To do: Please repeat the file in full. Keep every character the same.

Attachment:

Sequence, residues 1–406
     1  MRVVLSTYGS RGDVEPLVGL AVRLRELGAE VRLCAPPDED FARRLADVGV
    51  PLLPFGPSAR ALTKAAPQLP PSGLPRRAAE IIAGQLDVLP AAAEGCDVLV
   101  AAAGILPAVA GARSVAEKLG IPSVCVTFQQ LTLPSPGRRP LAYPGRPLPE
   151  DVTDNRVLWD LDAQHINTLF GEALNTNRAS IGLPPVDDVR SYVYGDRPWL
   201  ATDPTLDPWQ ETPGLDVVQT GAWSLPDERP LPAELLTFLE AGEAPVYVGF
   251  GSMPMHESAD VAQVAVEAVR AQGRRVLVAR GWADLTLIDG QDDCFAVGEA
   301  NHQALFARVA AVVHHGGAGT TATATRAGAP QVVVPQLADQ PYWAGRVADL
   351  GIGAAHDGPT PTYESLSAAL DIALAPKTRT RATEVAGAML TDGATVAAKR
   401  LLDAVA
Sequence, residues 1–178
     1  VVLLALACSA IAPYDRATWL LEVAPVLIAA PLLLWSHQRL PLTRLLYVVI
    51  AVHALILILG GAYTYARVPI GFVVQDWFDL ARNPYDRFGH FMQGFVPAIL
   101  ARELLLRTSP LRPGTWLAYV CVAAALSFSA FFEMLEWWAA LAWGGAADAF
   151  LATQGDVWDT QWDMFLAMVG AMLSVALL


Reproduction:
Sequence, residues 1–406
     1  MRVVLSTYGS RGDVEPLVGL AVRLRELGAE VRLCAPPDED FARRLADVGV
    51  PLLPFGPSAR ALTKAAPQLP PSGLPRRAAE IIAGQLDVLP AAAEGCDVLV
   101  AAAGILPAVA GARSVAEKLG IPSVCVTFQQ LTLPSPGRRP LAYPGRPLPE
   151  DVTDNRVLWD LDAQHINTLF GEALNTNRAS IGLPPVDDVR SYVYGDRPWL
   201  ATDPTLDPWQ ETPGLDVVQT GAWSLPDERP LPAELLTFLE AGEAPVYVGF
   251  GSMPMHESAD VAQVAVEAVR AQGRRVLVAR GWADLTLIDG QDDCFAVGEA
   301  NHQALFARVA AVVHHGGAGT TATATRAGAP QVVVPQLADQ PYWAGRVADL
   351  GIGAAHDGPT PTYESLSAAL DIALAPKTRT RATEVAGAML TDGATVAAKR
   401  LLDAVA
Sequence, residues 1–178
     1  VVLLALACSA IAPYDRATWL LEVAPVLIAA PLLLWSHQRL PLTRLLYVVI
    51  AVHALILILG GAYTYARVPI GFVVQDWFDL ARNPYDRFGH FMQGFVPAIL
   101  ARELLLRTSP LRPGTWLAYV CVAAALSFSA FFEMLEWWAA LAWGGAADAF
   151  LATQGDVWDT QWDMFLAMVG AMLSVALL